His full name is Alfred McCoy Tyner, he was born in 1938, he is one of the greatest pianists that any American century has produced. He began formal training at the age of 13, and his first hero was his neighbor, Bud Powell, who, along with Thelonious Monk (Tyner's second hero), helped determine the direction that the piano would take through the daunting terrain of modern jazz. Philadelphia, the city that shaped Tyner's early development, is where he first met and befriended, in his late teens, the great (no, the god) John Coltrane. By 21, Tyner was a member of Coltrane's quartet.

The solo Tyner provided for Coltrane's over-interpretation of "My Favorite Things" (1961) is startling. How could someone so young (23 at the time), whose formal experience of the piano had just reached the decade mark, bring out of this very difficult instrument emotions that very few artists are lucky enough to articulate near the end of a long life. The solo said "autumn in a big city," "falling leaves in a central park," "short and early dusks," "those shimmering stars," and "my lover's grey and brown sweater"—all of these ephemeral things were communicated with impeccable ease. Under his fingers, the wild piano was tamed and seemed to obey the exact course of his musical thoughts. The solo officially announced the arrival of a new genius to the already genius-packed world of post–World War II jazz.

During the first half of the '60s, the John Coltrane Quartet (bassist Jimmy Garrison and drummer Elvin Jones completing the band) was to produce a series of recordings whose level of energy and creativity has yet to be matched by any other quartet. And the peak of this high period is A Love Supreme, the greatest record ever cut. Unlike most artists who live to be old, Tyner (now in the second half of his 60s) still recognizes the record as his most significant contribution. "A Love Supreme," he stated in an interview with the newsletter Jerry Jazz Musician, "was a pinnacle, where we had reached a certain point, a high point in the band in terms of communication, spiritual feelings between us... We loved playing together, and music came first." Europe has Ulysses, Japan has Throne of Blood, black America has A Love Supreme.

After Tyner left Coltrane's quartet in the mid '60s, he embarked on a solo career that has produced way too many great recordings. Opening his body of work is like opening an unabridged dictionary. Everything is in there: solo recordings; performances with trios, combos, and orchestras; experiments with Latin, African, and Asian rhythms. And through it all, Tyner, who is the last living member of the classic quartet (Elvin Jones died two years ago), has not lost the substance of his approach, which has been defined by a sense of adventure. Tyner's playing goes outward, percussively covering wider and wider areas of sonic space, making new discoveries along the way, and arriving, often after great turbulence, at places of peace. If Bill Evans is the jazz master of introspection, Tyner is the jazz master of exploration.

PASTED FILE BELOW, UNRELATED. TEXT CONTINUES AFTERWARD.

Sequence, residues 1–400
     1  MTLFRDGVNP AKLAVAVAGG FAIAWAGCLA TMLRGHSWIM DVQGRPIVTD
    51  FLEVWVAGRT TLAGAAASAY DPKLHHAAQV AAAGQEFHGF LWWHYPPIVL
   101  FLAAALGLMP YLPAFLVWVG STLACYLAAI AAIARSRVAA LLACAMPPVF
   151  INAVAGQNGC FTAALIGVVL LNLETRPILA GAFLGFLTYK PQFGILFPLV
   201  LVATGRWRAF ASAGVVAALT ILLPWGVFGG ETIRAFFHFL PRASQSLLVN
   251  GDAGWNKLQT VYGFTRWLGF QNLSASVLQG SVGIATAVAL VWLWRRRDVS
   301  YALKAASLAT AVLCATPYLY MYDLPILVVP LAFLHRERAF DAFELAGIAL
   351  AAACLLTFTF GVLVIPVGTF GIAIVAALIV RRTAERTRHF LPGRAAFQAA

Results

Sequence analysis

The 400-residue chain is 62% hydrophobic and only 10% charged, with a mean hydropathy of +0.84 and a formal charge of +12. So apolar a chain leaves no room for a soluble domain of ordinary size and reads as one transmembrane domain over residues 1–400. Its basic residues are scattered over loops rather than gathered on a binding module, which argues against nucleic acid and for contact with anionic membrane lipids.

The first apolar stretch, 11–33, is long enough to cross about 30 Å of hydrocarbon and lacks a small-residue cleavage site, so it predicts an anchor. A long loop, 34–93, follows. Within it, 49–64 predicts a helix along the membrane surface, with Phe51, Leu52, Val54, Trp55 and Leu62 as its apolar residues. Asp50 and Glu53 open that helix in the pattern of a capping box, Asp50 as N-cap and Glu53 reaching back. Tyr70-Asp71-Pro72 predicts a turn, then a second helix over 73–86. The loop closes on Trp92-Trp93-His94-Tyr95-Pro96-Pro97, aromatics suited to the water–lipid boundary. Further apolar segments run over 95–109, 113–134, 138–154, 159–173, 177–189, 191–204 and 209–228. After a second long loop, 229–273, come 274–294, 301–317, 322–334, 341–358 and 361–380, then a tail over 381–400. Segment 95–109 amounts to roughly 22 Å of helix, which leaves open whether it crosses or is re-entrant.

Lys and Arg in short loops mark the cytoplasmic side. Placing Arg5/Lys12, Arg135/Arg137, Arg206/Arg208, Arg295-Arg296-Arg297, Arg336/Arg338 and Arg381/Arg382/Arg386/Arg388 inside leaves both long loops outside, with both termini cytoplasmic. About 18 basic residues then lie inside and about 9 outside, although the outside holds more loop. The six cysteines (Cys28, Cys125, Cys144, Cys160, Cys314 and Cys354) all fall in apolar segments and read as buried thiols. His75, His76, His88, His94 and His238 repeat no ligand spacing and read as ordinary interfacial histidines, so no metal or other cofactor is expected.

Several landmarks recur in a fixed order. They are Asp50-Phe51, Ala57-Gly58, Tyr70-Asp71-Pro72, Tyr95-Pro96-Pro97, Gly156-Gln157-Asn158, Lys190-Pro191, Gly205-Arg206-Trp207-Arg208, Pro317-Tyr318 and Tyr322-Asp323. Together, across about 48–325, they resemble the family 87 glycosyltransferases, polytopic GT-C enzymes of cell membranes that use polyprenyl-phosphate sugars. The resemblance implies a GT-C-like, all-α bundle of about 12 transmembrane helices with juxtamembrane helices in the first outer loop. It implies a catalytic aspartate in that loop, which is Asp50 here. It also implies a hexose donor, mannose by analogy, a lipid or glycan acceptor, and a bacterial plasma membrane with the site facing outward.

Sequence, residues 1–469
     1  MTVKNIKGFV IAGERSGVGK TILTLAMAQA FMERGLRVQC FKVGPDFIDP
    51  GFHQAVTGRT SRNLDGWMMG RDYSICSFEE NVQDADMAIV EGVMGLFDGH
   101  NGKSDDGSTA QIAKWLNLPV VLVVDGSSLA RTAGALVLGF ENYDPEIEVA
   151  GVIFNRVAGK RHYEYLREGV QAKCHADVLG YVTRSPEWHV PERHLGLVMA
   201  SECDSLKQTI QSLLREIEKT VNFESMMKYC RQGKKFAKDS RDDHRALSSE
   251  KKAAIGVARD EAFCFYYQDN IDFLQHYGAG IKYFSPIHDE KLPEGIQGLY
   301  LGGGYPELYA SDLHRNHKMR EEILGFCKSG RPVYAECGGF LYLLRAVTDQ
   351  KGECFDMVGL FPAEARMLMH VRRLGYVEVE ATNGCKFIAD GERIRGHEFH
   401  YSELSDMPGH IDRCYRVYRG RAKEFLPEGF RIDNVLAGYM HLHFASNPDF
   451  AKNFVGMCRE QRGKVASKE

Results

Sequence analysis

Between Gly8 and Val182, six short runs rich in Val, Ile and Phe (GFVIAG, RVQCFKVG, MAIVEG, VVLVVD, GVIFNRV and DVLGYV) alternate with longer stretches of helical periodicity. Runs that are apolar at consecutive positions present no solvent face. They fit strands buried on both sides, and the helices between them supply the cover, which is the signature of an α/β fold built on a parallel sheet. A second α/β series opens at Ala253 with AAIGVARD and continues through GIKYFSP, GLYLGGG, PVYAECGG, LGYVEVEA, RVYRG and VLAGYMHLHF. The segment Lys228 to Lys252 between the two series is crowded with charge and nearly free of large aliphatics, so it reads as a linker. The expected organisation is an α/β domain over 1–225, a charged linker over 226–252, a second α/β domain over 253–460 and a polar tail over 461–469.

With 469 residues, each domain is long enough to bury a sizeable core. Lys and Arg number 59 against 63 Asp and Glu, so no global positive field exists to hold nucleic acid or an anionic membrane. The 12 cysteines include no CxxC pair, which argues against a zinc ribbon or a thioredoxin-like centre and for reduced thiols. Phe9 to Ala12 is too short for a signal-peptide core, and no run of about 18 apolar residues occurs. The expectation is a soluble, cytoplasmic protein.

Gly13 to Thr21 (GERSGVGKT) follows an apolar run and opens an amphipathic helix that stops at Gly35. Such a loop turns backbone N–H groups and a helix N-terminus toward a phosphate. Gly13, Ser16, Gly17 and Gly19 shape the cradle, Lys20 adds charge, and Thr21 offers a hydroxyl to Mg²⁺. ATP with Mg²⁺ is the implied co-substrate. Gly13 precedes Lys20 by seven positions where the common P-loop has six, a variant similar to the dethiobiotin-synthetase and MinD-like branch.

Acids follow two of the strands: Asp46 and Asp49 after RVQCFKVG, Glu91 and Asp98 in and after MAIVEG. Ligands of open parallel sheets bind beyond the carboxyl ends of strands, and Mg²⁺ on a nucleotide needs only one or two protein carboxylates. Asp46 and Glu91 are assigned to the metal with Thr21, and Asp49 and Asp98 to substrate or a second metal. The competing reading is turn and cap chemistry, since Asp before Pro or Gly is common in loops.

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What Tyner and his vanishing generation of jazz musicians represent is black greatness. As much as I love hiphop, in its 30-year history very few of its rappers and producers have aspired to greatness—the condition of being better (or more) than human. The final goal for rap has always been reality ("it's the real shit/nothing but the real shit"), which is why, as an art form, it is not only lower than jazz but also lower than Detroit techno.

An explanation for techno's higher artistic worth deserves another article; as for modern jazz, the source of its greatness is this: Black artists of the civil rights era were challenged by the realties of having a less than human status in society. To counter institutionalized disfranchisement and the systematic characterization of blacks as childish, primitive, simple-minded, and a general burden to Western civilization, artists like McCoy Tyner produced art that made their humanity incontestable. In fact, A Love Supreme, Impressions, Johnny Coltrane & Johnny Hartman, The Complete Africa/Brass, The Real McCoy (and on and on) not only showed that blacks had intensely deep feelings and explosive intellectual imaginations, but they had the artistic capacity to become superhumans—giants who walked the earth. To see McCoy Tyner perform is to watch and hear the twilight of the gods.

charles@thestranger.com

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